1 serving Milk, Yogurt, Grape Juice, Pineapple, Eggplant Less than 1

Comparing the two tables, it becomes clear again that higher levels of Vitamin K2 are mainly found in animal foods. However, it would be wrong to conclude from this that vitamin K is generally found mainly in animal foods.

This is shown again in the second table, there are a lot of plant-based foods that have a very high Vitamin K content, which is due to the relatively high proportion of vitamin K1.

What are the Consequences of a Vegan diet on the Vitamin K2 Balance?

As previously established, Vitamin K2 is primarily found in animal-based foods. For this reason, it's reasonable to assume that vegans may be deficient in this vitamin. However, there is a mechanism that prevents this from happening.

The human body is capable of converting Vitamin K1 into Vitamin K2 through its gut bacteria. As we have seen, there are many vegan plant-based foods with high Vitamin K1 content, such as legumes, leafy green vegetables, nuts, etc. Since vegans consume these foods in high amounts, there should be no deficiency in this area.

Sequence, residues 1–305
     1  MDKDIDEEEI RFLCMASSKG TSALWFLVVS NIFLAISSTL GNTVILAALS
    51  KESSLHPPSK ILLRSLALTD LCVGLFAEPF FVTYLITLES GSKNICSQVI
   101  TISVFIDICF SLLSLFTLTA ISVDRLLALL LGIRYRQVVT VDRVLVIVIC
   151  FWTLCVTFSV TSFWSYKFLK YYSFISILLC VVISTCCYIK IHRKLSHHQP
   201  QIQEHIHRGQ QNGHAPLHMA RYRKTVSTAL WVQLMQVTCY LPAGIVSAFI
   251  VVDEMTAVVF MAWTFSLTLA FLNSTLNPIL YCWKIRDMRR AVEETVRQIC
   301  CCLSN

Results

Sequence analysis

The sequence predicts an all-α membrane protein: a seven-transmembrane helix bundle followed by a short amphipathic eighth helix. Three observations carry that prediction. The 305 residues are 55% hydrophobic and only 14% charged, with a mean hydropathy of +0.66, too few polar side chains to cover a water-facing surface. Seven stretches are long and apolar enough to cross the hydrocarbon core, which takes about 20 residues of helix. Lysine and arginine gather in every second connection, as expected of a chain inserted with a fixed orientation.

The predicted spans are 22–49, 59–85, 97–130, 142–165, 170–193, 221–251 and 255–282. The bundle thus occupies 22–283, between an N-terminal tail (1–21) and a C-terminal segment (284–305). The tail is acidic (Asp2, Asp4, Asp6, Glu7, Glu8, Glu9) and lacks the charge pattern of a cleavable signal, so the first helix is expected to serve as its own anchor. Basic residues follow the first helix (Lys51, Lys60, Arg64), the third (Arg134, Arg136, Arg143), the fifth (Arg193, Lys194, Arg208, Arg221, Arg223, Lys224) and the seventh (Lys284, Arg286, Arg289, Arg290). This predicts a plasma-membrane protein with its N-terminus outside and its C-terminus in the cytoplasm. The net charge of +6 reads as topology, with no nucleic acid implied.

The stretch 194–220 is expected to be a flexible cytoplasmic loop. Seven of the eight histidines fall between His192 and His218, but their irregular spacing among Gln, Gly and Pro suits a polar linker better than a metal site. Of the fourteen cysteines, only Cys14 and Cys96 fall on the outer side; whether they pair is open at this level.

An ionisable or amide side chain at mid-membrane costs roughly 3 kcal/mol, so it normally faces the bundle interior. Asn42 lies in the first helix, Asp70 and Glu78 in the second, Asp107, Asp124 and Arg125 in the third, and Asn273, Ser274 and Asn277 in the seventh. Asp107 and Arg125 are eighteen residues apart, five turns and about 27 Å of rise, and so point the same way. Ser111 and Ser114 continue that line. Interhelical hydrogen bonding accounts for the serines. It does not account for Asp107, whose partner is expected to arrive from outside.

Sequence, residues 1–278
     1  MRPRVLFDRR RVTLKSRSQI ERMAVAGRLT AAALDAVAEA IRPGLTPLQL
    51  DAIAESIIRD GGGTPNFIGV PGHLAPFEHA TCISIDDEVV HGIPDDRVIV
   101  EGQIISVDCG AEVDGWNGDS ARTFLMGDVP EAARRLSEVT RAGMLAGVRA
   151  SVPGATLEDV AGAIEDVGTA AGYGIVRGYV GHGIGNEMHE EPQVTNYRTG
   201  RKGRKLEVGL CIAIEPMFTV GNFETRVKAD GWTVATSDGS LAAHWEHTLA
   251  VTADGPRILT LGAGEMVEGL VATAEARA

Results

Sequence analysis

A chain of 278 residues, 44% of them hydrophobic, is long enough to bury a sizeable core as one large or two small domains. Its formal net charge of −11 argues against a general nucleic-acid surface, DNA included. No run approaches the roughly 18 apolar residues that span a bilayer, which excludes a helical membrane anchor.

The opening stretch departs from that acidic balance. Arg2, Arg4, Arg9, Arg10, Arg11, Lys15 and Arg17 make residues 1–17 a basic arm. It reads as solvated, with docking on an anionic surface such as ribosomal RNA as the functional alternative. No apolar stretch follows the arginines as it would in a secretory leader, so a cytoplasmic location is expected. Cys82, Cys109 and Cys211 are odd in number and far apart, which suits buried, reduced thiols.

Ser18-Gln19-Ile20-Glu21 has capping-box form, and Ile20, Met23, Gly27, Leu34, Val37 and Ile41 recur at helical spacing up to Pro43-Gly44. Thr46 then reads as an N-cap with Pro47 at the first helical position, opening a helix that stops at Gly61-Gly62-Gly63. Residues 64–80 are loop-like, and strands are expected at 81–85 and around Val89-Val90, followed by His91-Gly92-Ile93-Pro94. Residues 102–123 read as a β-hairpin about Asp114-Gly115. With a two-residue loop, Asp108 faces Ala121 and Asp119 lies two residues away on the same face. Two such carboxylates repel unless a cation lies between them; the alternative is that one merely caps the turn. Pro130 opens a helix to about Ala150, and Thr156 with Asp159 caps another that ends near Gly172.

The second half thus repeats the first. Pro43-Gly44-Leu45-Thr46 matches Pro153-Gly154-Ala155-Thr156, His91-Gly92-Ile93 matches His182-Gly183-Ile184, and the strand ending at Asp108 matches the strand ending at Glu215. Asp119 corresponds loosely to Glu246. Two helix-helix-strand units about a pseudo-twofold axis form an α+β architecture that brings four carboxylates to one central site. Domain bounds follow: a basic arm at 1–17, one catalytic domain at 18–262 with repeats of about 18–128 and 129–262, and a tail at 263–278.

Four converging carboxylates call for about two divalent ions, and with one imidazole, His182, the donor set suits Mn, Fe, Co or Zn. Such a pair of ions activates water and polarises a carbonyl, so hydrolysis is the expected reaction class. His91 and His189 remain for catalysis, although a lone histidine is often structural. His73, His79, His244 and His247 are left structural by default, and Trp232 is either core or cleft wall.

What should I consider in terms of Vitamin K2 when it comes to my Diet?

Since the daily requirement for Vitamin K2 is relatively low and it occurs in small amounts in food, both a deficiency and an overdose in a healthy person are very unlikely. Therefore, there are no particularly strict guidelines that you need to follow.

In addition, Vitamin K is quite stable when it comes to various preparation methods. It is rarely lost due to heat and oxygen. However, you should be cautious with longer storage times due to the light sensitivity of Vitamin K.

What tips are there for a healthy diet with sufficient Vitamin K2?

Since foods high in Vitamin K are very versatile and can be found in both animal and plant-based sources, it's easy to create various healthy meals with them. Especially when looking at the tables above, the ingredients can be distributed very well throughout the three meals of the day: breakfast, lunch, and dinner.

For breakfast, a rich cereal with yogurt, oatmeal, apples, black currants, and various nuts would be a great option. In addition to its high Vitamin K content, this breakfast would also be very rich in vitamins and fiber.